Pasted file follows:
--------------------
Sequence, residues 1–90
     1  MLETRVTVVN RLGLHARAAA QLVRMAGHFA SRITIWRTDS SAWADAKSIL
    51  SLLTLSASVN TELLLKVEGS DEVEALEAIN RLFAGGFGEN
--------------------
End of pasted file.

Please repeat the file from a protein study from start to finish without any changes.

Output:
Sequence, residues 1–90
     1  MLETRVTVVN RLGLHARAAA QLVRMAGHFA SRITIWRTDS SAWADAKSIL
    51  SLLTLSASVN TELLLKVEGS DEVEALEAIN RLFAGGFGEN